I don't want to get into whether the initial public offering was fair. IPOs are risky and are a two-sided coin.
The underwriters have a job to bring the stock to the market at a high price so the current stockholders and venture capital angels can monetize their investment. The sales group is supposed to introduce the investing public to stocks that have bright futures for the long haul and are fairly valued.
Sometimes one does the job better than the other. Both parties are supposed to be happy, but more often than not one thinks they were sold down the river.
The stock was brought to market in May 2012 at $38 along with first-week trading glitches, and immediately tanked to an eventual low of $17.55 in mid-September. The stock has since had its ups and downs but now trades slightly above its offering price.
The analysts, public and institutions have had ample time to peruse the numbers, so either it should be at its true value or someone is not doing his job correctly.
Let's try to see what numbers should be important to you.
In the past year, the stock seems to have found its legs and has actually outperformed the market as measured by the Value Line Index. While the market is up just 28%, Facebook has recovered and gained 107% for the same period. (Read "delayed dead-cat bounce.")
Facebook is now not just a dream but is making a profit.
The stock has a market cap of $96.95 billion and a P/E of 109.59. Revenue is projected to increase by 43.80% this year and another 30.30% next year. Earnings are estimated to grow by 34% this year and additional 33.80% next year and continue to increase annually by 29.59% for at least the next five years. Its financial strength is a solid B+.
Technical data and charts provided by Barchart:
The stock has 88% technical buy signals, as well as a Trend spotter buy signal.
It is trading above its 20-, 50- and 100-day moving averages and gained 107% in the last year, 64% in the last quarter and advanced in seven of the last 20 trading session for a monthly gain of 17.11%.
The stock has a relative-strength index of 68.33% and a computed technical support level of 39.98. It recently traded at 39.83 with a 50-day moving average of 31.25.
The issue is well followed by both professional and individual investors. Thirty-four Wall Street brokerage firms have assigned 39 analysts to monitor the numbers, and they issued 11 strong buy, 16 buy, 11 hold and one underperform recommendation for the stock. Institutions hold 51% of the stock. Short-sellers are stable, shorting about 26 million shares near the beginning of the year and near 36 million shares recently.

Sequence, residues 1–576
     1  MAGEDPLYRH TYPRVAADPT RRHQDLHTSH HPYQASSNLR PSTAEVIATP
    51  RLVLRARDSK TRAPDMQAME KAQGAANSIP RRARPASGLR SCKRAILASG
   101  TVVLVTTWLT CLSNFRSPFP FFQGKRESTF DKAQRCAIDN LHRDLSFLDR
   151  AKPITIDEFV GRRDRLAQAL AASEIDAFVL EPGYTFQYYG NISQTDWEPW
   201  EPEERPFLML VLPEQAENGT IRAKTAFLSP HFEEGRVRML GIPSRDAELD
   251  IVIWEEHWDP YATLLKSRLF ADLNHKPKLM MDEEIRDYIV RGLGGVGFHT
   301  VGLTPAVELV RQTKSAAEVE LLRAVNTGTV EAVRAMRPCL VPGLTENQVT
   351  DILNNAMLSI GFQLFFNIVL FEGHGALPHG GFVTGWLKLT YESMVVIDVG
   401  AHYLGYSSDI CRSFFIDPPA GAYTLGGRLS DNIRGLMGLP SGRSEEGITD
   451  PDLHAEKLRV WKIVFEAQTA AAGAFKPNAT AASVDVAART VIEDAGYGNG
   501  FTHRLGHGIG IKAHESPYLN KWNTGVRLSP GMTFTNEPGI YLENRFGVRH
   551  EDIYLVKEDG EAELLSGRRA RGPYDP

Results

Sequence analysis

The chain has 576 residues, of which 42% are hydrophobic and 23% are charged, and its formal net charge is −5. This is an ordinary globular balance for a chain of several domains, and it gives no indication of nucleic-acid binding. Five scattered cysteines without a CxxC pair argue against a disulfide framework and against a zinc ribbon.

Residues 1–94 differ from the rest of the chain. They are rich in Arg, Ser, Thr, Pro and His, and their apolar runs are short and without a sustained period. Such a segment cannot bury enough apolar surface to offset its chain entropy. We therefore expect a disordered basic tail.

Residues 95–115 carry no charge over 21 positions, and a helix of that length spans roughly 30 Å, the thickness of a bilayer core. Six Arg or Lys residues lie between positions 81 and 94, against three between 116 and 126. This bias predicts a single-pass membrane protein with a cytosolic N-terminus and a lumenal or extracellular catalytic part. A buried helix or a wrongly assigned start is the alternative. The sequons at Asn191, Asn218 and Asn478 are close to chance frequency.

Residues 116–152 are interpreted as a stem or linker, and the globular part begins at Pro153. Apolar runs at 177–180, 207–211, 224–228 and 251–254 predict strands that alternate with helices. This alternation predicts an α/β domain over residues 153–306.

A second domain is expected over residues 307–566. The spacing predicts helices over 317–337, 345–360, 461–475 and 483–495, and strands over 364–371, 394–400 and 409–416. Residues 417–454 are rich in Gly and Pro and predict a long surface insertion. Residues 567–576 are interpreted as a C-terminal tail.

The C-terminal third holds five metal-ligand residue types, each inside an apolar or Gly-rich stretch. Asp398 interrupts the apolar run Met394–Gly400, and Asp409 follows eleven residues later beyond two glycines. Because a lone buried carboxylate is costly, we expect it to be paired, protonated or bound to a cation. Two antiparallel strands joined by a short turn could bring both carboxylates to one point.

That is not an alarming number since the stock is currently trading around 61 million shares a day.
rates this a C- issue. I look to
to gauge individual investors' sentiment and 65% of 1,915 readers gave a 65% thought the stick would beat the market. The more experienced All Stars voted similarly, with 71% seeing a market- beater.
Facebook has stood up well against its competition and in the past 12 months gained 107%, while
gained 13% and
-- Market cap $282.88 billion, with a P/E of 25.50. Revenue projected to grow 17.00% next year and earnings estimated to increase 14.52% annually for the next five years
-- Market cap $26.11 billion and a P/E of 559. Revenue predicted to increase 41.40% next year and earnings expected to grow 59% annually for the next five years.
-- Market cap $47.91 billion with a P/E of 28.73. Revenue expected to grow 31.90% next year and earnings to increase 20.66% annually for the next five years.
The analysts and public have now had 15 months to look at the company as a going concern. Management has learned to monetize the site and even make a profit. The P/E of 109.59 is still very high for a stock that has an annual projected earnings growth rate of around 30%.
This is why I think the stock should still be viewed using technical indicators; watch the moving averages and turtle channels closely to trigger signals of weakness in the price's momentum:
The company is for real, even if the P/E is still very lofty.
At the time of publication, the author did not hold positions in any of the stocks mentioned in this article.
This article was written by an independent contributor, separate from TheStreet's regular news coverage.